In sickle cell disease, abnormal hemoglobin causes blood cells to become hard and crescent-shaped. These misshapen cells clump together and block blood flow to organs, causing bouts of extreme pain. The cells then die prematurely, leading to a lack of healthy red blood cells and anemia.
Beta-thalassemia also causes anemia because the body produces less hemoglobin than normal.
People with life-threatening beta thalassemia require blood transfusions every 3 to 5 weeks and require other medications throughout their lives.
“Sickle cell disease and beta thalassemia are both painful, lifelong conditions that can be fatal in some cases,” said Julian Beech, interim executive director of healthcare quality and access at the UK’s MHRA. said Thursday.
Kasugebi is aimed at restoring the function of hemoglobin in the body. This treatment is not traditional medicine. Rather, it requires a complex procedure. The patient’s stem cells are collected from the bone marrow and sent to a laboratory for manufacturing. So scientists use Crispr to edit genes aimed at turning on functional hemoglobin.
The patient must then undergo conditioning treatments to prepare the bone marrow to accept the modified cells. You may then need to spend a month or more in the hospital while the edited cells colonize your bone marrow and begin making healthy red blood cells.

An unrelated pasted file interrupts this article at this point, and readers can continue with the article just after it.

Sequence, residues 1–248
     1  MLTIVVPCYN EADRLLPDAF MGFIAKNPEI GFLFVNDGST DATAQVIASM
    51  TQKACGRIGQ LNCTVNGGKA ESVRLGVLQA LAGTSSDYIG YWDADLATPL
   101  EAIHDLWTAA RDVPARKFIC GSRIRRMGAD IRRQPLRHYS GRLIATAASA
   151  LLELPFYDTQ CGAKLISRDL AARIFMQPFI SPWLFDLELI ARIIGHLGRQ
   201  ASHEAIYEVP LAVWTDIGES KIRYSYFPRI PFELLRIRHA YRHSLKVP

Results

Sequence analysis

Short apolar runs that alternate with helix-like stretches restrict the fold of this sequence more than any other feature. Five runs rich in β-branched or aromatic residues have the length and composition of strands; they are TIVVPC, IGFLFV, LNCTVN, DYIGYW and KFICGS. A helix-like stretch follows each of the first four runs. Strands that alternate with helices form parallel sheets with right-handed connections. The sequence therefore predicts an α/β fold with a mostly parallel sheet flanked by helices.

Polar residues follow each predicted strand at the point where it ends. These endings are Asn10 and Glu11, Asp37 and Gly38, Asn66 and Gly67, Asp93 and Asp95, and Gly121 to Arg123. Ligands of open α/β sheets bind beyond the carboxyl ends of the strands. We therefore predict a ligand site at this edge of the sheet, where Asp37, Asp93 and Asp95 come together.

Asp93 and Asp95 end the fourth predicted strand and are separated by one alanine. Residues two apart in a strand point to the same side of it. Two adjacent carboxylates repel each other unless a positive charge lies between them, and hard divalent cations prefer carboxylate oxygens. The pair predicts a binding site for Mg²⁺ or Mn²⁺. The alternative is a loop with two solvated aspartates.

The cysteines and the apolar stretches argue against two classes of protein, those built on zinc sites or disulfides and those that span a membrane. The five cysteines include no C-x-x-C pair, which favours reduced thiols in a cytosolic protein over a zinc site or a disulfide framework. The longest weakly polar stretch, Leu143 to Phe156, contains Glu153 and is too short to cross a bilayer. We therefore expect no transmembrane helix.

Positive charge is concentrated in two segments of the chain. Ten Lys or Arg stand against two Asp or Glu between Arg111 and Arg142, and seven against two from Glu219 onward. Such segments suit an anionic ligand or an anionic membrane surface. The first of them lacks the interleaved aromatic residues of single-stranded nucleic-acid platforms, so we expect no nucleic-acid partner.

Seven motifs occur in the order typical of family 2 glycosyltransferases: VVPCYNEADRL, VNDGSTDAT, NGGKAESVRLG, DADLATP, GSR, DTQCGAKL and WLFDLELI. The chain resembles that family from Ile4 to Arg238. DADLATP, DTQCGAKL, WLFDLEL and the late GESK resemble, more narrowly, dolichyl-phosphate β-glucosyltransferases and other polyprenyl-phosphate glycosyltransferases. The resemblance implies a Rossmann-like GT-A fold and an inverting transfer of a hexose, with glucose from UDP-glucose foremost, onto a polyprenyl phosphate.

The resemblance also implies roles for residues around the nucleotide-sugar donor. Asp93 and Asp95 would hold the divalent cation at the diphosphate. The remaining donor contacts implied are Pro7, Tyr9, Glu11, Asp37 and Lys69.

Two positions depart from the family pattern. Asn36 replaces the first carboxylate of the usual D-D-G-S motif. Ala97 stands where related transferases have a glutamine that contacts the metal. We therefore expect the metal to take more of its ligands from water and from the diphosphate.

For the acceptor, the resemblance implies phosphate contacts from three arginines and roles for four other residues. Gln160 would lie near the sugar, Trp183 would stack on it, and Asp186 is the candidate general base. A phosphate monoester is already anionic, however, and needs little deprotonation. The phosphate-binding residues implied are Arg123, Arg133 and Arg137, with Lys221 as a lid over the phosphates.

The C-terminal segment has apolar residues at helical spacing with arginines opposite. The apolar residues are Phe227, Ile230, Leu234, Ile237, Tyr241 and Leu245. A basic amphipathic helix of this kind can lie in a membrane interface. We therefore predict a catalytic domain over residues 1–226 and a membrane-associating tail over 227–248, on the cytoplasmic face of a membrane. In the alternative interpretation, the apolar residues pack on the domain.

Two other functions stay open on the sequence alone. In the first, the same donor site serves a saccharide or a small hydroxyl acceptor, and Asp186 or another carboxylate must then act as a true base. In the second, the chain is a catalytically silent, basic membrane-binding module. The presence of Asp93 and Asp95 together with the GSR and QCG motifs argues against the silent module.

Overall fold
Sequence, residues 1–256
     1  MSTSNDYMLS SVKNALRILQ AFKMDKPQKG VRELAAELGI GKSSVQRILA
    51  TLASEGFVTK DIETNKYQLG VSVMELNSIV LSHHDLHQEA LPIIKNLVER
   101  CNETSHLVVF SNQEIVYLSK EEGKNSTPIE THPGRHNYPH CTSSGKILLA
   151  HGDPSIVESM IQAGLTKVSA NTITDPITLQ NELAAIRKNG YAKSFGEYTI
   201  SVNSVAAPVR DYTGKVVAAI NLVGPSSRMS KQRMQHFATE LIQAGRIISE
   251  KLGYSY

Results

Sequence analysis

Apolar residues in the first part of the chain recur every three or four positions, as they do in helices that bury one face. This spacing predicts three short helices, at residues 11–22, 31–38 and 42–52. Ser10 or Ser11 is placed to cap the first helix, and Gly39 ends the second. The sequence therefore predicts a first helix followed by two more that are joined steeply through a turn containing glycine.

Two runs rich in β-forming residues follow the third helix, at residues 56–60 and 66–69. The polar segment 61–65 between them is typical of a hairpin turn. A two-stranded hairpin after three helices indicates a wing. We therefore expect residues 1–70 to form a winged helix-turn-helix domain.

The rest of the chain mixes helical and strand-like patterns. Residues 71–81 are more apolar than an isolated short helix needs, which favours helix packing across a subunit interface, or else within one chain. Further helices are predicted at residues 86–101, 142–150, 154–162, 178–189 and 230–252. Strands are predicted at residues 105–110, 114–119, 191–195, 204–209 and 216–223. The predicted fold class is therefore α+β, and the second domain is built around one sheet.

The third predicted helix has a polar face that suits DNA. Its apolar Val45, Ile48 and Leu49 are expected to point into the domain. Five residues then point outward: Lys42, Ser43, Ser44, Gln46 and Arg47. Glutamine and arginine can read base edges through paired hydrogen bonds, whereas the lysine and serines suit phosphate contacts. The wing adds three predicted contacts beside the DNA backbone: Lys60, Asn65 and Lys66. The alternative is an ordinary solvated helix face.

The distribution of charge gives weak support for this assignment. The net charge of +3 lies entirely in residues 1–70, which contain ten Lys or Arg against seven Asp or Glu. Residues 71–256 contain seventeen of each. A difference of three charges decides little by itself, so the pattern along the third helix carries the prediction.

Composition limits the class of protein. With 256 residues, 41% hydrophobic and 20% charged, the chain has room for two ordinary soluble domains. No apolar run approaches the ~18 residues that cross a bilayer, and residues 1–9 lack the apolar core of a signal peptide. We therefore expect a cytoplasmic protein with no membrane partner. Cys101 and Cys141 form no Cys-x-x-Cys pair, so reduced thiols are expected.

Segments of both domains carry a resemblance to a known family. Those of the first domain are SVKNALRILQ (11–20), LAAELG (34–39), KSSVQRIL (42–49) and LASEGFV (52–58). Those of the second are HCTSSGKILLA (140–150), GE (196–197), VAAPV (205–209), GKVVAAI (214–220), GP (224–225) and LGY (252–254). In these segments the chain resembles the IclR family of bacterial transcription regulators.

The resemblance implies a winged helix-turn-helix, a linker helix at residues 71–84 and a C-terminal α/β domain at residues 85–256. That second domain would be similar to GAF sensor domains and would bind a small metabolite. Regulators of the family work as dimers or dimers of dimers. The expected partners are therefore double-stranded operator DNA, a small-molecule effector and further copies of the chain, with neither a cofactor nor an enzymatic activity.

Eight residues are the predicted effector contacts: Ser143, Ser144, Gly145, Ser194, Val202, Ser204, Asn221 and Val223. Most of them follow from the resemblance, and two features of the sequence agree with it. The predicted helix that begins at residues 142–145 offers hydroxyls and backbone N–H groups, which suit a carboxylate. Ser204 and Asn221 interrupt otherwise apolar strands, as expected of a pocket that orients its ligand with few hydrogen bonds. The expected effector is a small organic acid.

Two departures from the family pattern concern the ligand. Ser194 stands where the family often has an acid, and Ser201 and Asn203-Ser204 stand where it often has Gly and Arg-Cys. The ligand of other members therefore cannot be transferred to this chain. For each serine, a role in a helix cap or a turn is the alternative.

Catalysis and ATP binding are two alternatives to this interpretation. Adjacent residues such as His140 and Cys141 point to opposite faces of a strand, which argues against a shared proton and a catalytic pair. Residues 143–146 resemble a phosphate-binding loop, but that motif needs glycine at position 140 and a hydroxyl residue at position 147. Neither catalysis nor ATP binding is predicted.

In the trial conducted by Vertex and Crispr Therapeutics, 45 patients were treated with Kasgevy, but only 29 were followed for at least 18 months. Of these, 28 of them remained free of severe pain attacks for at least 1 year after treatment.
In a study of patients with beta-thalassemia, 54 patients have received Kasugevy so far. Of the 42 patients who were followed for a sufficient period of time, 39 did not require blood transfusions for at least 1 year after treatment. In the remaining three of her patients, the need for blood transfusions was reduced by more than 70%. Side effects of treatment include nausea, fatigue, fever, and increased risk of infection. Both trials are ongoing.
Because Crispr is designed to permanently alter the genome, scientists believe its effects could last years, if not decades.
Currently, sickle cell disease can be cured with a bone marrow transplant from a compatible tissue donor, but only about 20 percent of patients receive a transplant. Transplants also have risks and may not work. This can lead to life-threatening complications in which the donor stem cells attack the recipient’s body.
Vertex and Crispr Therapeutics have not announced the price of this therapy, but it will likely be expensive. Vertex said it is working closely with U.S. national health authorities to ensure access for eligible patients as soon as possible.